Clarksville, TN Online: News, Opinion, Arts & Entertainment.


Topic: NASA Headquarters

NASA’s Mars 2020 Rover’s landing site being debated by Scientists

 

NASA’s Jet Propulsion Laboratory

NASA - National Aeronautics and Space AdministrationPasadena, CA – Hundreds of scientists and Mars-exploration enthusiasts will convene in a hotel ballroom just north of Los Angeles later this week to present, discuss and deliberate the future landing site for NASA’s next Red Planet rover – Mars 2020.

The three-day workshop is the fourth and final in a series designed to ensure NASA receives the broadest range of data and opinion from the scientific community before the agency chooses where to send the new rover.

The Mars 2020 mission is tasked with not only seeking signs of habitable conditions on Mars in the ancient past, but also searching for signs of past microbial life.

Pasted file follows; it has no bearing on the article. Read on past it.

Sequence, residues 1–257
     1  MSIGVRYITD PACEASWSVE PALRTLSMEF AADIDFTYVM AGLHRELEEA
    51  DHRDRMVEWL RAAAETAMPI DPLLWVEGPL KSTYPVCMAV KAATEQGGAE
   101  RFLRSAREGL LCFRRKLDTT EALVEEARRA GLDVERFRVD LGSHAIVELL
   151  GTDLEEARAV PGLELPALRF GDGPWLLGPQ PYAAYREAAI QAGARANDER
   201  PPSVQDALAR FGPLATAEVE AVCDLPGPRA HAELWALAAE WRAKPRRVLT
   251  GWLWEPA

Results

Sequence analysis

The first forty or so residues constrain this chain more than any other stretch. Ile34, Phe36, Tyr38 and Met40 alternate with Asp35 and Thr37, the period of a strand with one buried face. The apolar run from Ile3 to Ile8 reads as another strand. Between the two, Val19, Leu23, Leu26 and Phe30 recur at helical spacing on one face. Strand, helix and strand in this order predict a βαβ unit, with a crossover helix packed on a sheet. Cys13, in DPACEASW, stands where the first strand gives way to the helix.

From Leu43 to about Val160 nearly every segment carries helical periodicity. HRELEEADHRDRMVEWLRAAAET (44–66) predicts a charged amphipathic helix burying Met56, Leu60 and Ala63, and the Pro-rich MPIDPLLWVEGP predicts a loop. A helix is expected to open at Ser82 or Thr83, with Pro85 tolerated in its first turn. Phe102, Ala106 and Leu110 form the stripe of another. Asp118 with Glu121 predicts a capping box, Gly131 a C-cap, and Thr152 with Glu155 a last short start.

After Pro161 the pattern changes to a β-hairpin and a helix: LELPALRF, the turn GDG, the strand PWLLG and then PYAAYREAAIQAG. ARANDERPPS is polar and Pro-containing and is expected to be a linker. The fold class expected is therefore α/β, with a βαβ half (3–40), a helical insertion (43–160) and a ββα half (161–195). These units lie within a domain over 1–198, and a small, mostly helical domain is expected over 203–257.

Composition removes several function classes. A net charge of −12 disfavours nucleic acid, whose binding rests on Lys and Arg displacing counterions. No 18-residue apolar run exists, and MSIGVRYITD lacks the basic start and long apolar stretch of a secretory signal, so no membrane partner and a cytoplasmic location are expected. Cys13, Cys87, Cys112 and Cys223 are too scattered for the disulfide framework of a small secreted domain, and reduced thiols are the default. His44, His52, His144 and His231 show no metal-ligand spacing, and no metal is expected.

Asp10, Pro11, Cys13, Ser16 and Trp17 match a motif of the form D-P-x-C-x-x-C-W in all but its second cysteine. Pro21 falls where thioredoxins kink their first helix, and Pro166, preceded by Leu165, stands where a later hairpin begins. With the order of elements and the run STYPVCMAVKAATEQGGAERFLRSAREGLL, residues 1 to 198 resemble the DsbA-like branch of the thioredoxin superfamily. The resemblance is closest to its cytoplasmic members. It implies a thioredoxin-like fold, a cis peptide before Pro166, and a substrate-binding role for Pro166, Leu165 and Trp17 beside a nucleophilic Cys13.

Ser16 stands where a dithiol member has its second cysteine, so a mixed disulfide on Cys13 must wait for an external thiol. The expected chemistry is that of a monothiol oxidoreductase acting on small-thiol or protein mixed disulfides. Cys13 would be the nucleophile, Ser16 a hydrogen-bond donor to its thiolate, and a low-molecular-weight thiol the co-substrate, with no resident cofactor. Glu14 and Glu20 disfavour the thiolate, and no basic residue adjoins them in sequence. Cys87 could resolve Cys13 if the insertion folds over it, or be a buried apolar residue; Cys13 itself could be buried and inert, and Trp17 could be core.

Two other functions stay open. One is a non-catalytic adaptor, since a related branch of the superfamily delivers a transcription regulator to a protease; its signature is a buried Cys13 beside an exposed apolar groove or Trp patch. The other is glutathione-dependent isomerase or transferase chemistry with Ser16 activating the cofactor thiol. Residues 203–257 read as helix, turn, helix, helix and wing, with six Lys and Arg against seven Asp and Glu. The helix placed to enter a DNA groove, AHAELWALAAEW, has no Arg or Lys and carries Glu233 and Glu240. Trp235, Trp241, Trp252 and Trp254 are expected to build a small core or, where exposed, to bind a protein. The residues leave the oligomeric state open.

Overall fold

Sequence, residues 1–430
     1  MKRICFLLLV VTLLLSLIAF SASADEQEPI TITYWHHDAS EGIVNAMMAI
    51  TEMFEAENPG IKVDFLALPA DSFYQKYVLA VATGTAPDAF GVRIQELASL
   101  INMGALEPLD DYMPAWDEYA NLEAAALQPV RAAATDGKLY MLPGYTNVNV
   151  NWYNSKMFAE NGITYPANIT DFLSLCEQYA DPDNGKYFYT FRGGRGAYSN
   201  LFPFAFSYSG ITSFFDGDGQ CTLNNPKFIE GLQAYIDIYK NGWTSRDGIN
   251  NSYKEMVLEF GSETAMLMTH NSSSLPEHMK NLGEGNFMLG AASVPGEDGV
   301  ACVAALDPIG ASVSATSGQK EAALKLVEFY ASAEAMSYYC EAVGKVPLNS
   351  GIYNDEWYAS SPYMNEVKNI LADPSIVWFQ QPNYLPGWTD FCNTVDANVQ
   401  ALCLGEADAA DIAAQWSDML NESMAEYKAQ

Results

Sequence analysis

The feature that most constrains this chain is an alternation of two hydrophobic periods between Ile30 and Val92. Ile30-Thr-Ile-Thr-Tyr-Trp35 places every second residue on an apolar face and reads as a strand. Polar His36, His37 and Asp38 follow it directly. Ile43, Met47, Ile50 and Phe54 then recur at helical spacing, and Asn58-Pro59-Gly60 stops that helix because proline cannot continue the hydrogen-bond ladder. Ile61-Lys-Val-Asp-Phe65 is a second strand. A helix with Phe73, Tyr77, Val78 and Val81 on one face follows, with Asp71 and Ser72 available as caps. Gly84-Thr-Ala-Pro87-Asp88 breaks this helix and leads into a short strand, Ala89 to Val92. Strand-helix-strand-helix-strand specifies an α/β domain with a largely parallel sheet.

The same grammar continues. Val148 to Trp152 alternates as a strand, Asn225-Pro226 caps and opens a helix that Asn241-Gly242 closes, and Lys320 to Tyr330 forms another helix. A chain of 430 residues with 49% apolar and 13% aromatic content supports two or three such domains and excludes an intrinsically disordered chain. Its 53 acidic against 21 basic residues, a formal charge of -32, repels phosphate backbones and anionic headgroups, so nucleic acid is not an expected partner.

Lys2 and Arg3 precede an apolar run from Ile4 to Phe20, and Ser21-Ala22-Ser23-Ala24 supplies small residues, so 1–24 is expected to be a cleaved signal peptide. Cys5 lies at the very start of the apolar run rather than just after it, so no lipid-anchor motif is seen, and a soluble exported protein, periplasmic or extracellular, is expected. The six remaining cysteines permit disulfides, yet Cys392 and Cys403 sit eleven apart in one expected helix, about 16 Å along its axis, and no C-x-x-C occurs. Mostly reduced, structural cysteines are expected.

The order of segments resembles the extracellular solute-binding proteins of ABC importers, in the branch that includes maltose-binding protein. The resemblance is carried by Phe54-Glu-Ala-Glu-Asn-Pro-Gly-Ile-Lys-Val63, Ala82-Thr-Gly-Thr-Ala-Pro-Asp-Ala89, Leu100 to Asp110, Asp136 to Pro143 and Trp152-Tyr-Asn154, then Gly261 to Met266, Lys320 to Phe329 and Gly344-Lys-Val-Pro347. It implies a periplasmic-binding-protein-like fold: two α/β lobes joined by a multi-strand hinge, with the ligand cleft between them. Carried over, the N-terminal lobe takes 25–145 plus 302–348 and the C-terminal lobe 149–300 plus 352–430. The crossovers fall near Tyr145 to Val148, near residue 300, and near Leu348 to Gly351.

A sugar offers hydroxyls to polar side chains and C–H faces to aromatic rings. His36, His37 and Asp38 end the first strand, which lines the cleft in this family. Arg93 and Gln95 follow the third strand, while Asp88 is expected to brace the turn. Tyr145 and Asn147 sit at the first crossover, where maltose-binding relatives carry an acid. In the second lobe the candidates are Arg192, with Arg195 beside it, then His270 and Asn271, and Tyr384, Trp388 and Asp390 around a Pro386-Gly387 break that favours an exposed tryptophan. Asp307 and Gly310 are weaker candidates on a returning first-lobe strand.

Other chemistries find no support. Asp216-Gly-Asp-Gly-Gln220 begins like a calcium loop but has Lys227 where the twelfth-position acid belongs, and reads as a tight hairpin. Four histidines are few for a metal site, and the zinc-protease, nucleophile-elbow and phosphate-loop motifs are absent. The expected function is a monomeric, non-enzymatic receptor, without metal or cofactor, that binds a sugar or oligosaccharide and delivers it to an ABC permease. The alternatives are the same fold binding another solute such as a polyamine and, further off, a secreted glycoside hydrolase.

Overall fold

This artist's rendition depicts NASA's Mars 2020 rover studying a Mars rock outrcrop. (NASA/JPL-Caltech)

This artist’s rendition depicts NASA’s Mars 2020 rover studying a Mars rock outrcrop. (NASA/JPL-Caltech)

«Read the rest of this article»

Sections: Technology | No Comments
 

NASA releases plan to return to the Moon, travel to Mars

 

NASA Headquarters

NASA - National Aeronautics and Space AdministrationWashington, D.C. – In December of 2017, President Donald Trump signed Space Policy Directive-1, in which the president directed NASA “to lead an innovative and sustainable program of exploration with commercial and international partners to enable human expansion across the solar system and to bring back to Earth new knowledge and opportunities.”

In answer to that bold call, and consistent with the NASA Transition Authorization Act of 2017, NASA recently submitted to Congress a plan to revitalize and add direction to NASA’s enduring purpose.